The point of this all of course is that there's a 3 decade space between Alien and Gravity. Ripley came out as the kick ass female lead role in 79, and there simply hasn't been many since.

So Cuaron chose Stone as the lead, using a man's name to further explain the stubbornness of men in life and the film industry, as Matt says to Stone "What kind of a name is Ryan for a girl anyway?" to which she replies "My Father wanted a boy". In fact he wanted one so bad that when his daughter was born, he gave her a boys name so that she would always be aware of her place within the family.

The fat that Matt Dies in the beginning of the film further solidifies the fact that this is a women's film, not in the sense that it's a chick flick in a space suit, but in the sense that its entirely based on a woman in a man's world, fulfilling a male role. We are even given glimpses of her gaze, the female gaze, as we are shown certain shots through her helmet.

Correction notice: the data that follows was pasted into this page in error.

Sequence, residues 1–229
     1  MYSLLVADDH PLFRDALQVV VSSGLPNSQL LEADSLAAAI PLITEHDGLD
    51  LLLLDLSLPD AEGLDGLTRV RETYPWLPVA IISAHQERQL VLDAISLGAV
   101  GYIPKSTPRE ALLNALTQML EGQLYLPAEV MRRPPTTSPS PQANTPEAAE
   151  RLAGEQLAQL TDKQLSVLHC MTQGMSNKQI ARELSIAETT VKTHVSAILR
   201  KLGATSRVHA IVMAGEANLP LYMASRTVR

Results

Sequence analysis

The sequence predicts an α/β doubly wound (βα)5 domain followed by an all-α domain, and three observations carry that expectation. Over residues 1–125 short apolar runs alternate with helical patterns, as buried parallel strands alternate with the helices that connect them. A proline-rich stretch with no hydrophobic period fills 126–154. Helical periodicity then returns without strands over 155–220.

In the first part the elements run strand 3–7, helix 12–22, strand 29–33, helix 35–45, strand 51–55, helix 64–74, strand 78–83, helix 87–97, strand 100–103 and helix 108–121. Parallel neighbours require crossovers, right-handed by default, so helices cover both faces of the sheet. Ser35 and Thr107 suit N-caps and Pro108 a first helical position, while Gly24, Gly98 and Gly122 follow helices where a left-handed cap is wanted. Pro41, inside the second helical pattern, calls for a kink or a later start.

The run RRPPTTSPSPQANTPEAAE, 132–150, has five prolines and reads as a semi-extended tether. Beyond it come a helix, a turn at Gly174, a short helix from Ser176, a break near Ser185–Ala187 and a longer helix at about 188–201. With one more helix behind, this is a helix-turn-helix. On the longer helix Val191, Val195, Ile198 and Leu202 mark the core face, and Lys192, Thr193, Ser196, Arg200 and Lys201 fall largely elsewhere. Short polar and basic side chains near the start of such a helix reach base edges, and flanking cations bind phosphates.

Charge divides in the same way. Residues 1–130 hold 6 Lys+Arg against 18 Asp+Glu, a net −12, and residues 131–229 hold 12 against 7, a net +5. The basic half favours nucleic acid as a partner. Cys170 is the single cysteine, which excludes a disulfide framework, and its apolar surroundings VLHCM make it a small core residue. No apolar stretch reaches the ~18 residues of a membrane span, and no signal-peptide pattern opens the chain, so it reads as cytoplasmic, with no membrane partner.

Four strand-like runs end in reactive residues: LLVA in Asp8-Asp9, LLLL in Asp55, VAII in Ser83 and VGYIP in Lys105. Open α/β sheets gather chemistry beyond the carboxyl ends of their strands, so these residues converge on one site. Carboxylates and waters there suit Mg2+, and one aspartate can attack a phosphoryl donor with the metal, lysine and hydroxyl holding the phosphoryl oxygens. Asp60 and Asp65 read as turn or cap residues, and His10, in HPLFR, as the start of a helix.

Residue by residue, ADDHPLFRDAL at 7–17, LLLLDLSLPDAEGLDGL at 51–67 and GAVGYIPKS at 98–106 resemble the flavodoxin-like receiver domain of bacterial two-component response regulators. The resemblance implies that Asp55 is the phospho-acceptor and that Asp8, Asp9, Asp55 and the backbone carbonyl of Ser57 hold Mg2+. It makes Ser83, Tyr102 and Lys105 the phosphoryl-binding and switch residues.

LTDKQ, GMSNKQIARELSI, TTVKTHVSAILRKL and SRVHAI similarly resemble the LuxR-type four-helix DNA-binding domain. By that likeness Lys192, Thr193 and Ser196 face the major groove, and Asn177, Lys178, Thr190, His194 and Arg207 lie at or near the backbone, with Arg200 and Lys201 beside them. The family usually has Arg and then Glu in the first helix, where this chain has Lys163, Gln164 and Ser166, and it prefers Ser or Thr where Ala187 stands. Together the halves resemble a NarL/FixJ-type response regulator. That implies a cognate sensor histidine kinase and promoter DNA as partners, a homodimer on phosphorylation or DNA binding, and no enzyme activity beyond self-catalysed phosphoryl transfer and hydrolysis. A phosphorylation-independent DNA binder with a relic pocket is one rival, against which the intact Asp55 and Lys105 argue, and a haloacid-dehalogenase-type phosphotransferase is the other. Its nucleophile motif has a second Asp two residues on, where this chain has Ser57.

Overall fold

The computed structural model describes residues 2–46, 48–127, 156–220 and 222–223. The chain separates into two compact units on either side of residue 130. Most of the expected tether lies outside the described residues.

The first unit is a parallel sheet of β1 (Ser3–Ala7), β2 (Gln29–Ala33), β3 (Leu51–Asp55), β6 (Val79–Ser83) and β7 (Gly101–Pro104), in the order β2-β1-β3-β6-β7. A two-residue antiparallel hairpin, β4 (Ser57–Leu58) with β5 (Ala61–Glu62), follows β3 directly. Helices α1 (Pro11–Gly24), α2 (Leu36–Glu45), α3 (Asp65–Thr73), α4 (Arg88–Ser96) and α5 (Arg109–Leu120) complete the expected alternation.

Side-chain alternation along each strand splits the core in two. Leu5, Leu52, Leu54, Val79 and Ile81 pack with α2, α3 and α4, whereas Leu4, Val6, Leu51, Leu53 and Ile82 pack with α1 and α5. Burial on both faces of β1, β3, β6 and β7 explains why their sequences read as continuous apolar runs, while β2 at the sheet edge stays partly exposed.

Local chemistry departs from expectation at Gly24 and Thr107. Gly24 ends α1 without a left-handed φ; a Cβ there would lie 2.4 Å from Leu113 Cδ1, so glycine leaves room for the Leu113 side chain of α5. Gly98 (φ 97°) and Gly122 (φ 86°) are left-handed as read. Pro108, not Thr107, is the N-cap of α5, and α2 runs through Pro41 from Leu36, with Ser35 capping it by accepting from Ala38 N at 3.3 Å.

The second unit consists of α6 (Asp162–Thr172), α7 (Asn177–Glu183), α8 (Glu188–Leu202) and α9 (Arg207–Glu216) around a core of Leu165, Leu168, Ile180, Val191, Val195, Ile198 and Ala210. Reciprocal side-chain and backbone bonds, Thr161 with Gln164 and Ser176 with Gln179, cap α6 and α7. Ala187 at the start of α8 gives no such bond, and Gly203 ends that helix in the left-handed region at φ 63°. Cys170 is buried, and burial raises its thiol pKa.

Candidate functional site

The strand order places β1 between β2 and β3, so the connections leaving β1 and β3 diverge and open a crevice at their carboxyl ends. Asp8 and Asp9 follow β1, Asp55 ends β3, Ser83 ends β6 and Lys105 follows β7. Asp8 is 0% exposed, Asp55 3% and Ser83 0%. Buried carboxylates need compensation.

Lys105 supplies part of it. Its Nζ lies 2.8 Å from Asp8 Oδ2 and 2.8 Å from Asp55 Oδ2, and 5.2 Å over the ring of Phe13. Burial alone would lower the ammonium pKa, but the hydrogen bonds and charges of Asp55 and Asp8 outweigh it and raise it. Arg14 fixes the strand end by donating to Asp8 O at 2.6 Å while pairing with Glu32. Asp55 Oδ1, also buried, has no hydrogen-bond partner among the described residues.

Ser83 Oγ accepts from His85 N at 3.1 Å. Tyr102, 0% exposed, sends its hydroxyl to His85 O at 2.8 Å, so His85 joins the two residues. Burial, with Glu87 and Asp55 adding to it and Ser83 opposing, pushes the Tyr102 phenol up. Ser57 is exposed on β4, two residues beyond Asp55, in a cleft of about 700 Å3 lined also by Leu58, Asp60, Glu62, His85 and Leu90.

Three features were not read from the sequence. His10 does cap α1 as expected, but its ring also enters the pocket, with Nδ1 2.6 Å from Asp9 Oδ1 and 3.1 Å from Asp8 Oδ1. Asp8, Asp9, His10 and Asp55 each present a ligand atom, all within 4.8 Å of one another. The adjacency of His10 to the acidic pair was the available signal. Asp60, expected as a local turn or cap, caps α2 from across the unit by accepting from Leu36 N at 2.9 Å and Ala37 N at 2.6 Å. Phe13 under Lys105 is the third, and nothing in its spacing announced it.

When we do see strong women who define themselves, they typically are portrayed as tough, ass-kicking or feisty women but those stereotypes shouldn't be the only kind of female protagonists we see. Instead, Cuaron gave us character that is strong, but also has doubts and worries. When we see from inside her helmet we hear her heavy, scared breathing. She's not the emotionless female lead we are used to seeing on screen. In Gravity we witness Stone’s transformation from a woman consumed by grief and despair from the loss of her daughter, drifting along and attempting suicide (when she thinks there's no way back to earth), into a survivor who yearns and fights to survive.